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Born in Chicago in 1968 to an English father and mother of Irish and German ancestry, Gillian spent her early years contemplating marine biology as a career before receiving her showbiz calling.
After spending her early working years trying to make a name for herself as a stage actress, a 1993 guest appearance on the TV collegiate drama Class of ’96 caught the eye of The X Files producer and she was rocketed to international stardom as Special Agent Dana Scully. It was a role that earned her an Emmy, Golden Globe and two Screen Actors Guild awards during her nine-season run on the cult show.
In 2009, she returned to her stage roots and gained acclaim for her role as Nora in Ibsen’s classic A Doll’s House at the Donmar Warehouse in London’s West End.
Gillian’s other screen highlights include a BAFTA- and Emmy-nominated performance of Lady Deadlock in the 2006 BBC Adaption of Charles Dickens’ Bleak House, and starring alongside James McAvoy in the 2006 BAFTA-winning film The Last King of Scotland.
Born and raised in Northern Ireland, James studied at the Central School of Drama before starting his career on stage. James’ first feature film was Hear My Song with Adrian Dunbar, before working extensively with director Michael Winterbottom on Go Now, Jude and Welcome To Sarajevo. He gained international recognition in the film Waking Ned Devine, playing lovable pig farmer, Pig Finn.
In 2002, he took the lead role of activist Ivan Cooper in Paul Greengrass’ acclaimed film Bloody Sunday. It won a Golden Berlin Bear at the Berlin International Film Festival and the Audience Award at the Sundance Film Festival. James’s standout performance also earned him a BAFTA nomination, in addition to the Best Actor award at the British Independent Film Awards and the Stockholm Film Festival. In 2008, he played Pontius Pilate in Frank Deasey’s BBC mini-series The Passion and starred in Midnight Man for ITV1.
In 2009, James starred with Liam Neeson in BBC Films’ Five Minutes of Heaven and the BAFTA-award winning series Occupation for BBC1.
James is currently the Chancellor of the University of Ulster.
Cillian was born in Cork, Ireland, in 1976 to educational parents – his father worked for the Irish Department of Education, and his mother worked as a French teacher.
He originally studied law at University College Cork university, but dropped out. After spending time pursuing a music career, he joined the Corcadorca Theatre Company in Cork and began to find success as an actor.
His big break came when he was cast in Danny Boyle’s 2002 film 28 Days Later, a role which earned him a nod for Breakthrough Male Performance at the 2004 MTV Movie Awards. He has since gone on to appear in such acclaimed films as Cold Mountain, Girl with a Pearl Earring and The Wind That Shakes. In 2005, Cillian won an Irish Film and Television Academy Best Actor Award for his performance in Breakfast on Pluto.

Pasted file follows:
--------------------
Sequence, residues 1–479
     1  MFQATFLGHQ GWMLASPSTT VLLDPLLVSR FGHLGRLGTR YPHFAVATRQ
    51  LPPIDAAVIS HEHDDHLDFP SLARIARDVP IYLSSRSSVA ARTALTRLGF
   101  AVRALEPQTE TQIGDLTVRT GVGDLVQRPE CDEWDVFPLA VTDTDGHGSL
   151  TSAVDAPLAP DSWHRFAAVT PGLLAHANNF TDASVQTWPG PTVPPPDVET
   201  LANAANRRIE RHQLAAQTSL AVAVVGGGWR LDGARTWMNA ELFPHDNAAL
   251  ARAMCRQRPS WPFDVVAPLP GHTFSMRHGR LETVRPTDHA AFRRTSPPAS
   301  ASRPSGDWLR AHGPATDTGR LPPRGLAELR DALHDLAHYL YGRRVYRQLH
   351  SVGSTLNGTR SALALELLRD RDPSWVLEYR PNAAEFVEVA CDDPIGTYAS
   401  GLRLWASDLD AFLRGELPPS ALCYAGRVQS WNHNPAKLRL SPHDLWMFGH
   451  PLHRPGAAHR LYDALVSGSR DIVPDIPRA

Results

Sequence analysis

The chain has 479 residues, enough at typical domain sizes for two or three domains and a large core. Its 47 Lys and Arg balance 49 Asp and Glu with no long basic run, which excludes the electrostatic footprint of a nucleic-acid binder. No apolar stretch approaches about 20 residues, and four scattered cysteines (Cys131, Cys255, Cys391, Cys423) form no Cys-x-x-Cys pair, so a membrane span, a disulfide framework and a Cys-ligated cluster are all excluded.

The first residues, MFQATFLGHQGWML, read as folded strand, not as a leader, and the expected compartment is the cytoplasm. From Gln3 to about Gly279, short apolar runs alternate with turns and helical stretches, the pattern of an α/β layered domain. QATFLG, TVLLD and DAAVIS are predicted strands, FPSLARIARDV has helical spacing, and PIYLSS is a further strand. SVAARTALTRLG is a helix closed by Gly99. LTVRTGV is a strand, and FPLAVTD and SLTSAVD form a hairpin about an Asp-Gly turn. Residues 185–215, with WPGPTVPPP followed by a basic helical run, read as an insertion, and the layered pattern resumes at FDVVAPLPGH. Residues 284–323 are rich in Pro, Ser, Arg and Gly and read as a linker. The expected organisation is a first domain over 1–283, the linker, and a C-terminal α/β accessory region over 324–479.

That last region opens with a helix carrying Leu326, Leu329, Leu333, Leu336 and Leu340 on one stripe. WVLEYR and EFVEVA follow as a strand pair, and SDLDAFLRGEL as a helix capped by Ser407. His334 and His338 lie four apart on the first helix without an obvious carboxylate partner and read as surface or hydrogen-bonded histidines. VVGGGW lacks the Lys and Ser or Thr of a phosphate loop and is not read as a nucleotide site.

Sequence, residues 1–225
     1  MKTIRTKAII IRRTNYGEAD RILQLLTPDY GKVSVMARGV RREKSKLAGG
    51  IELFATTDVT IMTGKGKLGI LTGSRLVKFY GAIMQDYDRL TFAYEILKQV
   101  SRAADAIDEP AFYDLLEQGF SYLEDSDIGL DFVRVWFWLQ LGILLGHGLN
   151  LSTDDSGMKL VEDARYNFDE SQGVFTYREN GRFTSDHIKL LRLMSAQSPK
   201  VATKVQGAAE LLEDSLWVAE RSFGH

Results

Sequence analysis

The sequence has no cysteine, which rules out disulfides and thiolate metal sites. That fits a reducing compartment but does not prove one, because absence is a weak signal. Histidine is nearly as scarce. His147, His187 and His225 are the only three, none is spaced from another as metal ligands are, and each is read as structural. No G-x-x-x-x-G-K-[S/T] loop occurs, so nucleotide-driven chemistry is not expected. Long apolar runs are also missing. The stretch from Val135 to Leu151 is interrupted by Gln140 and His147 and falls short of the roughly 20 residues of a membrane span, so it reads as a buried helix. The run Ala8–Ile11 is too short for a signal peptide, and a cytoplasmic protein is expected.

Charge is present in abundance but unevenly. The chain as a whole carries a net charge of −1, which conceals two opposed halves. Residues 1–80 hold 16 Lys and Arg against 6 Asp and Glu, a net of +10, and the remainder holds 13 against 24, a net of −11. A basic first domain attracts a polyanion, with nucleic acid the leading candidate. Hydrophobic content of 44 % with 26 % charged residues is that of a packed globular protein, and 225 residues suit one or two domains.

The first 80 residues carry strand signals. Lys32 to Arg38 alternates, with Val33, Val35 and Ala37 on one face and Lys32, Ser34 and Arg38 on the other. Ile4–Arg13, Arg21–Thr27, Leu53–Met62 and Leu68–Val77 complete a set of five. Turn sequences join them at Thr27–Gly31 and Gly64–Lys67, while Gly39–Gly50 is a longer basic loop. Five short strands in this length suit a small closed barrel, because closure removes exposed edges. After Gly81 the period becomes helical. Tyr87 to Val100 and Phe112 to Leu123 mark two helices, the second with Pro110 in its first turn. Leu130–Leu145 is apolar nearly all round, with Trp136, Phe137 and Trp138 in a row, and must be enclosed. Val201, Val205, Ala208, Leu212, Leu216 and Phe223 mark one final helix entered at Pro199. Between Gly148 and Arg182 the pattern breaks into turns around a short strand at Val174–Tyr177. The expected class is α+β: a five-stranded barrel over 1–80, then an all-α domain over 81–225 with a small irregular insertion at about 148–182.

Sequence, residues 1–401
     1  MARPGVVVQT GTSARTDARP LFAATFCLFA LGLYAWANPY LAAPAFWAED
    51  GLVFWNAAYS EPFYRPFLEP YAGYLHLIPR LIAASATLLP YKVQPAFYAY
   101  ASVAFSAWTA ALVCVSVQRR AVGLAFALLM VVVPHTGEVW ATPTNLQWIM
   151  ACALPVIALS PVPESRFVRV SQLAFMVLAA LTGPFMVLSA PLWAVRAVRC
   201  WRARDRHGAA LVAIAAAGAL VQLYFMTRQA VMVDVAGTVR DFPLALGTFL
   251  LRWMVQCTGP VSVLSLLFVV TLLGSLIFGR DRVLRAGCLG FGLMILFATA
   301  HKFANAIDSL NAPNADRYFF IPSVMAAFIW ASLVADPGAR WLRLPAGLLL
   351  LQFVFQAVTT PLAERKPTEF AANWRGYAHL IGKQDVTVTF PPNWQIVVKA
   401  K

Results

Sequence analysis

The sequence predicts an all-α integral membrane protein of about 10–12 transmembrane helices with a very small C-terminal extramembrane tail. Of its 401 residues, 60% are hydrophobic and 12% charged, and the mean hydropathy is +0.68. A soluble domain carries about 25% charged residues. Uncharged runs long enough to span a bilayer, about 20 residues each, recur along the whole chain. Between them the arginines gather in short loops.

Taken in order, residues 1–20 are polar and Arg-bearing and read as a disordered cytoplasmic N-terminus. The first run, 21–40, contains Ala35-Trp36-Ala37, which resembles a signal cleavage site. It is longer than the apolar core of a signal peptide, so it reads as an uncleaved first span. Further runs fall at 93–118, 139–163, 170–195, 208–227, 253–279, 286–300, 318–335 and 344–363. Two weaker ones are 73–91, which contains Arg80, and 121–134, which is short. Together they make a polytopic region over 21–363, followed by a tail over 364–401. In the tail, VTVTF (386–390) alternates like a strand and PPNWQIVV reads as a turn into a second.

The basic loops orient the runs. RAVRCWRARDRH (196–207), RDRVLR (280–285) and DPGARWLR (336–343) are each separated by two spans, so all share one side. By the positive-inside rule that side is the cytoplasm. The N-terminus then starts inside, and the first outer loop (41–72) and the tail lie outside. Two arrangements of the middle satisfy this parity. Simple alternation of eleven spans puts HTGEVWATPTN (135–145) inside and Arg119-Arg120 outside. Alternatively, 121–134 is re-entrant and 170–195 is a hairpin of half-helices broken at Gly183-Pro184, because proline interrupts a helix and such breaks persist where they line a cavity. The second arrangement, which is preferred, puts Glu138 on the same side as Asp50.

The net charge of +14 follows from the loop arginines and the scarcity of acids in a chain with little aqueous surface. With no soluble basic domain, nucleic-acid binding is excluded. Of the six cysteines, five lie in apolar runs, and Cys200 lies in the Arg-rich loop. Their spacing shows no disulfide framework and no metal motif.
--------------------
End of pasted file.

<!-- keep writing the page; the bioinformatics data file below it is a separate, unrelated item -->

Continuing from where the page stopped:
Cillian is fluent in Gaelic and French.
Born in Northern Ireland, Sam is considered to be one the most famous actors to come out of New Zealand. Sam, whose real name is actually Nigel, holds dual British and New Zealand nationality – he was born in Omagh when his New Zealander army officer father was stationed there, and the family returned to New Zealand when he was a young boy.
He had his first exposure to acting whilst at university, where he studied English Literature. After a role in the New Zealand film Sleeping Dogs in 1977, Sam’s breakout role came in 1981 when he played Damien Thorn in Omen III: The Final Conflict. He went on to star in such Hollywood blockbusters as Dead Calm (1989), The Hunt for Red October (1990), Jurassic Park (1993) and The Piano (1997).
In addition to his acting achievements, Sam is a Distinguished Companion of the New Zealand Order of Merit and was awarded an OBE by Queen Elizabeth II in 1991. He also owns a winery on New Zealand’s South Island called Two Paddocks.
Peter was born in Glasgow in 1958, to parents of Irish and Italian heritage. Although he showed a talent for acting at school and attended drama classes, in his teens he was accepted into Glasgow School of Art, where he fronted a punk rock band!
His first significant acting role was in the 1983 film Local Hero, and he’s worked steadily in film and on TV since, including portraying Azolan in the 1988 blockbuster movie Dangerous Liaisons. In 1995, Peter scooped the Oscar for Live Action Short Film for Franz Kafka's It's a Wonderful Life, which he directed. A decade later, he brought The Thick of It’s infamous, potty-mouthed spin doctor, Malcolm Tucker, to television screens up until 2012.